Most of us browse the Internet for information. We surf the world wide web for information, entertainment, logistics, and social interaction. Unbeknownst to most users, there are actually different layers to “the web”. You’ve probably heard about the “dark web” and this will quickly explain: what the “dark web” is, where it’s located, and why it matters to you – on a personal and professional level.
Layers to the web
If you’re cruising the internet without logging into a site, you’re enjoying info and content on the surface web. Even with the daily proliferation of websites and an increasing amount of content available to consume, the surface web only represents about 5% of the information available on the “web".
The Deep Web
Underneath the surface web, you’ll find what is called the ‘deep web’. This deep web is primarily made up of password-protected websites and databases – things like scholarly journals, medical records, financial information, and even the emails in your inbox. Believe it or not, the deep web comprises about 90% of the space online.
The Dark Web
If you go looking for it, you can find the deepest elements of the internet – commonly referred to as the dark web. Sites that hide in the dark web comprise the remaining 5% of internet content.
The dark web requires a special internet browser called a TOR browser to gain access. The TOR browser makes all users on the dark web look the same and eliminates digital footprints – meaning users and their activities remain anonymous.
The TOR project was originally developed by the US Navy in the ’90s as a tool for US Navy intelligence agents. To make sure that agent anonymity was protected, TOR browser needed to be available for public use. This allowed Naval intelligence agents to blend in with other users.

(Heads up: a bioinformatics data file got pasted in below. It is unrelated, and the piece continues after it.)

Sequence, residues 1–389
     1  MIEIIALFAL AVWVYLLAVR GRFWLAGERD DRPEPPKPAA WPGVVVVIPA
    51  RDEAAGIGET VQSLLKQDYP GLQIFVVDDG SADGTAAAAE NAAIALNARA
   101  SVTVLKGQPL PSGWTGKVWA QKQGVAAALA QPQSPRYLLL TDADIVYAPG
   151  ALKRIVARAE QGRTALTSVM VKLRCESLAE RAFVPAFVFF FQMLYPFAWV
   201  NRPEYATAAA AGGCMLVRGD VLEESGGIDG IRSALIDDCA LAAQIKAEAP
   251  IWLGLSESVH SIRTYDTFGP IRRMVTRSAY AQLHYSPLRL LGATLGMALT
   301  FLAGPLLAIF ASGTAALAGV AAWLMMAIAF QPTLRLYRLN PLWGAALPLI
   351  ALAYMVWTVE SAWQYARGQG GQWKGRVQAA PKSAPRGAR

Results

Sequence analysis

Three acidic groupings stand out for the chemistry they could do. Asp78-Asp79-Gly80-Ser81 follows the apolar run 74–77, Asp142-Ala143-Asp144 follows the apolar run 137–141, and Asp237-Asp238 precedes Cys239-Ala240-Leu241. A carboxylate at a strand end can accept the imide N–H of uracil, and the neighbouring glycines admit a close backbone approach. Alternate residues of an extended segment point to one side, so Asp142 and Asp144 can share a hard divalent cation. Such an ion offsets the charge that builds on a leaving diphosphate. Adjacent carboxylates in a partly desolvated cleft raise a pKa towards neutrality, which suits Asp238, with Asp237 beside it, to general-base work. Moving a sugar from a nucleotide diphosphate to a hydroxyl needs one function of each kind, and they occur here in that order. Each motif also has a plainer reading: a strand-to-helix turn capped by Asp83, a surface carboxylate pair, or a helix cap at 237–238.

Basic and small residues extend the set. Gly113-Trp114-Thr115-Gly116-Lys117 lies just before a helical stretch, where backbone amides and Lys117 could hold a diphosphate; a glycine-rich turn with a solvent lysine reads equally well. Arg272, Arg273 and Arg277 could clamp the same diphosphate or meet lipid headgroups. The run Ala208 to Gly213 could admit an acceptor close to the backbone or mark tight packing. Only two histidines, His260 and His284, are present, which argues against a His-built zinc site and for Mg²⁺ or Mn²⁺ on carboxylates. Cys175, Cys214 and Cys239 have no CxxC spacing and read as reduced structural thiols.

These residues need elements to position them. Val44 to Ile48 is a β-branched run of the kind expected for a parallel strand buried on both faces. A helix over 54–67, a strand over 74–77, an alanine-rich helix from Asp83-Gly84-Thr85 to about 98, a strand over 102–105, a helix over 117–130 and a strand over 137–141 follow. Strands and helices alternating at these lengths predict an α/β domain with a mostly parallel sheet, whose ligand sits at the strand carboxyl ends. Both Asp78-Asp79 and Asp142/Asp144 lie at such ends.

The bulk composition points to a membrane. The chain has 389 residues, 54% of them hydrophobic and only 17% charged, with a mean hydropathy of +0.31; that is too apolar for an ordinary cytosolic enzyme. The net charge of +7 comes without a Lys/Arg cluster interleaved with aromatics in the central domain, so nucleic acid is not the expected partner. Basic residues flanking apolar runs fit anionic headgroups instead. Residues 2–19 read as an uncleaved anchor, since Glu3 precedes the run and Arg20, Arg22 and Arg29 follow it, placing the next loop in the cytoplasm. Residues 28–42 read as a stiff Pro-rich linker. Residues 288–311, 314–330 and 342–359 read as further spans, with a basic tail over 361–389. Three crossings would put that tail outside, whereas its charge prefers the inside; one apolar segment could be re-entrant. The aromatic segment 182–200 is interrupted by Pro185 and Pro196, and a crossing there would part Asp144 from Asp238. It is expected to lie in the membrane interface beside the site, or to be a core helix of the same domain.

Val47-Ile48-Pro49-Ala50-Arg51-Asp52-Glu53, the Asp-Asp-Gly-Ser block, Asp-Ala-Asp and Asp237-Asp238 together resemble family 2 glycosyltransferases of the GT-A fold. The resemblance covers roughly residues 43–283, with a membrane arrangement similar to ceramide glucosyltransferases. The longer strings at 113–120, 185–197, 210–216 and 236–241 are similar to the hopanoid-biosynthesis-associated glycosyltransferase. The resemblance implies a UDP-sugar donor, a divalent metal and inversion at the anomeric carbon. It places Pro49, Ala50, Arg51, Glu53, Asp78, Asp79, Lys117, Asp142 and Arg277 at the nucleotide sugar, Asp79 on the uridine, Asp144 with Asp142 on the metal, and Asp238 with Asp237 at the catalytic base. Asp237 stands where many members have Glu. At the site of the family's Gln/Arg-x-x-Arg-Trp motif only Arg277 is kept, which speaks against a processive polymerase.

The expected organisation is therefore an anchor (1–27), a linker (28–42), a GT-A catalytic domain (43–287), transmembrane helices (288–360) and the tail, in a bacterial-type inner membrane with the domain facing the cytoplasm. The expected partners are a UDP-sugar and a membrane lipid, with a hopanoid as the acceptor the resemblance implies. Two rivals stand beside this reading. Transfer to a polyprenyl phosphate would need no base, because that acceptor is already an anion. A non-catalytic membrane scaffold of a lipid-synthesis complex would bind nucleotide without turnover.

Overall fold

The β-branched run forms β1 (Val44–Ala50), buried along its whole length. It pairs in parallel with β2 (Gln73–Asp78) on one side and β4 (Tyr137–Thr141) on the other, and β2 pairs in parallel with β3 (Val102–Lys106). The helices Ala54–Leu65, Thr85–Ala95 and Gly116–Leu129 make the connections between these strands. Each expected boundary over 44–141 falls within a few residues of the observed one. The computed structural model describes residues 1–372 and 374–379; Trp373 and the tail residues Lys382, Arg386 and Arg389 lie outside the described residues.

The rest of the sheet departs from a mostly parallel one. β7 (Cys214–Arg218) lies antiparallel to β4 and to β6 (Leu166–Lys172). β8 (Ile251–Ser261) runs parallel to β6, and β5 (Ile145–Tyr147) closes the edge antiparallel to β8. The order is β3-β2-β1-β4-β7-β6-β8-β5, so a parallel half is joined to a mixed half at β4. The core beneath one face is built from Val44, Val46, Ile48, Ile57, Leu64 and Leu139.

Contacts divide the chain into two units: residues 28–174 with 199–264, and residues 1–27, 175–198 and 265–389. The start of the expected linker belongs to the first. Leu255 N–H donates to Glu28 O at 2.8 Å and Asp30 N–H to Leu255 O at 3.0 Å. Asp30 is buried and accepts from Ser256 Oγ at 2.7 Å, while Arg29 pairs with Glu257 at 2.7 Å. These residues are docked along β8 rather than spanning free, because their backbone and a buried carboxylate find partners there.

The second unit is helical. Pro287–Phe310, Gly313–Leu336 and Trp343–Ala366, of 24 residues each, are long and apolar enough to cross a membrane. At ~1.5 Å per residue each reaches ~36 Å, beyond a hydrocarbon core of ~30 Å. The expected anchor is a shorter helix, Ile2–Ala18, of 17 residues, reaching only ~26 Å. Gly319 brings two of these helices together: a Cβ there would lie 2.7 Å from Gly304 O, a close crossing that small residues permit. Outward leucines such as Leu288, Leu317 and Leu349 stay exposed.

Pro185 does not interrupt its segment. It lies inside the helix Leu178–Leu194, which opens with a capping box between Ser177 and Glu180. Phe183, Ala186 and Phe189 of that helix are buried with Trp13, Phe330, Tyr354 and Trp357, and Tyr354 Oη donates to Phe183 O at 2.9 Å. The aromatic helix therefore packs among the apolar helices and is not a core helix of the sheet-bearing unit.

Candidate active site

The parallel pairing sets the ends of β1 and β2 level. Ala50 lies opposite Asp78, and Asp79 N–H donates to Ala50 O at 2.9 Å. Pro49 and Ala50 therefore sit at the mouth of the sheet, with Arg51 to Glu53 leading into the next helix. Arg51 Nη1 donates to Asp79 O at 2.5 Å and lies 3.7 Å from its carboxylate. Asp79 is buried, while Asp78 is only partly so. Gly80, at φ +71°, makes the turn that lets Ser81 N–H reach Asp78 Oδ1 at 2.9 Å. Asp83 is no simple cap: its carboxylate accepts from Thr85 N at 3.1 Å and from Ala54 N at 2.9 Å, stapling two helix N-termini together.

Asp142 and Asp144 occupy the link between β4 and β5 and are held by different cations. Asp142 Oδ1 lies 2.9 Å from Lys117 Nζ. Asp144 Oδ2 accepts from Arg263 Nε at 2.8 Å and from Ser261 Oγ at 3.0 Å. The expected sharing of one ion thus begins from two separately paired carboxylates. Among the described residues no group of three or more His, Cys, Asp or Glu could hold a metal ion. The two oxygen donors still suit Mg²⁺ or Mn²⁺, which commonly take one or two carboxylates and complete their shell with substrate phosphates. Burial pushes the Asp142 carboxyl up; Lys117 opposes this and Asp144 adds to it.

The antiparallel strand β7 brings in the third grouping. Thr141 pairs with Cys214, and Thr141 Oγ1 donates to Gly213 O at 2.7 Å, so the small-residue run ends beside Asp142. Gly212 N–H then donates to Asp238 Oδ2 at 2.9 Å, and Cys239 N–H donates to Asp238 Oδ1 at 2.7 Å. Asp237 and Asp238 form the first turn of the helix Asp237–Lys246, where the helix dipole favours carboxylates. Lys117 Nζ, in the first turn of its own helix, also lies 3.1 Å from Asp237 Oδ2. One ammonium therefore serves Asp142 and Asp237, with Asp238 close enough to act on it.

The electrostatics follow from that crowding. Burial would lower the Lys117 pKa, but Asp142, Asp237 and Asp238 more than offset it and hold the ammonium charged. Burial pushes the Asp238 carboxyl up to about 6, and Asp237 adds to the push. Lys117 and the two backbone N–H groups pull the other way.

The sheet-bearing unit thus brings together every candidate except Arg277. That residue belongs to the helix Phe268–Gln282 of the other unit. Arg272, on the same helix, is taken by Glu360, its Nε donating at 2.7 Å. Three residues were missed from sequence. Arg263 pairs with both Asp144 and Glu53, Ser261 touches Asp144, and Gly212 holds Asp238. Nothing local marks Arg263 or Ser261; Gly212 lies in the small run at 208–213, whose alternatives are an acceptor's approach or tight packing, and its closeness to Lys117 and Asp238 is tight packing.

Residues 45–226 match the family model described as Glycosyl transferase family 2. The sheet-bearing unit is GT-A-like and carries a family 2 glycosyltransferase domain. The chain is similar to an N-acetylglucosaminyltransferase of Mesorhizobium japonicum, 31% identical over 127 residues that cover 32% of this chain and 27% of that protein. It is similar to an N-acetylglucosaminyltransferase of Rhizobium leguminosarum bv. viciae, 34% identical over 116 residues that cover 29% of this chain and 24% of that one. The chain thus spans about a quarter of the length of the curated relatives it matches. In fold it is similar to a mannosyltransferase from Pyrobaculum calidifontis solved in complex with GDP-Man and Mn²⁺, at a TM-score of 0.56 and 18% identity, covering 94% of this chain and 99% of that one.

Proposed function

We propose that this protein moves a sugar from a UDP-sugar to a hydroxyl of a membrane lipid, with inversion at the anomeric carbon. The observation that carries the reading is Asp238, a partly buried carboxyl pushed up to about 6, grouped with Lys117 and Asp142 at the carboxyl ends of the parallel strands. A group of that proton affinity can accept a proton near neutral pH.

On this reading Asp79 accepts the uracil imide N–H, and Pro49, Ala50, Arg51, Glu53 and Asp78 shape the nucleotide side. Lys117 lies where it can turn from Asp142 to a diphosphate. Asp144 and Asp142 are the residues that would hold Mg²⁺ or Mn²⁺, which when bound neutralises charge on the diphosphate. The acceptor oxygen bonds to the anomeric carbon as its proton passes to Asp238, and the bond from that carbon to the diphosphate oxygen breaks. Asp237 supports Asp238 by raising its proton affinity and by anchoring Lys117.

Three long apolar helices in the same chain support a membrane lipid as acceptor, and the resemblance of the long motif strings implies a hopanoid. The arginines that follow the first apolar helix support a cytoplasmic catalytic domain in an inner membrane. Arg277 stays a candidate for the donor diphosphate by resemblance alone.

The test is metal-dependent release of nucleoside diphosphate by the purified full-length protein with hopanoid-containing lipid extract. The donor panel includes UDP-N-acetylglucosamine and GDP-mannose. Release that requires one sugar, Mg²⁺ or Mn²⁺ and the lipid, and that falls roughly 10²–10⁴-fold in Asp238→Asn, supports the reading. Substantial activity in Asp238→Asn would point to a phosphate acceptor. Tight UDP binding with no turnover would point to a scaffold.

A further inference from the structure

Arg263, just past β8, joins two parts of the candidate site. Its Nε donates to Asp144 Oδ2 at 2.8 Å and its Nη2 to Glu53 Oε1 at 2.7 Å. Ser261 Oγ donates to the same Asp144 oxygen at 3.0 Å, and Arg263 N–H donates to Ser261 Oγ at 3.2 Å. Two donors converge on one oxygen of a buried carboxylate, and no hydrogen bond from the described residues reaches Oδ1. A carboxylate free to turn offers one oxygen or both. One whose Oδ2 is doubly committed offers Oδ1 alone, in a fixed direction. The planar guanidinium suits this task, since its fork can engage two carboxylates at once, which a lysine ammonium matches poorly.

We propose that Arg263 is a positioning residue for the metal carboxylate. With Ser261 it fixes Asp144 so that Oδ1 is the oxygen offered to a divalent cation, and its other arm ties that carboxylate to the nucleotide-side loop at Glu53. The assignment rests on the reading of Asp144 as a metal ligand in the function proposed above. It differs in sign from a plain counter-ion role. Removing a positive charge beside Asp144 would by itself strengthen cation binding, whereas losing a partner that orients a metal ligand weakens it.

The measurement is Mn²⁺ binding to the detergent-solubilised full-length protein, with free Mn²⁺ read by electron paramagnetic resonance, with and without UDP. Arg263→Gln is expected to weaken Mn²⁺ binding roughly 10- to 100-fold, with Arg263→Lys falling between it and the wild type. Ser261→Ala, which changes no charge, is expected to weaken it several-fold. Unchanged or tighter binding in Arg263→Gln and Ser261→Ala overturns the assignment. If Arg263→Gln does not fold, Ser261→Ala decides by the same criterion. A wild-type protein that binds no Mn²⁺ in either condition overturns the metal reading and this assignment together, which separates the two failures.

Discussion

While many users surf the dark web with no malicious intent, the anonymous dark web is a perfect place for cybercriminals and wrongdoers to participate in illegal activities . . . illegal sale of drugs, illicit materials, and even your personal information. But why should you care? You’ve never been on the dark web and have no intention to download the TOR browser to access it.
The personal information criminals share and sell on the dark web is comprised of things like birthdates, social security numbers, username/password combos, and more. Imagine what a criminal could do if they got their hands on your highly confidential and intimate data. The implications are not exciting to think about.
For example – a criminal on the dark web can purchase a username/password combo for about $3-$8 on average. The typical adult has 100+ online accounts and reuses the same password across many of them. This means that with that one tiny investment, this criminal might gain access to your personal email, bank accounts, work email, and in some cases, criminals can use this data to hack into back-end systems at the office too.
The Silver Lining
While the dark web may sound intimidating, there are things you can do to protect yourself from some of the activities that go on there. Admittedly, there is little to be done once your private information ends up on the dark web. But there are many tools available that can help protect you from the fallout of your info landing in the wrong hands.
- Password Management Solutions
- Multi-Factor Authentication (MFA)
- Dark Web Monitoring Solutions
If you’re curious about how you can better protect yourself and your organization from threats on the dark web, reach out to a C3 Technology Advisor today.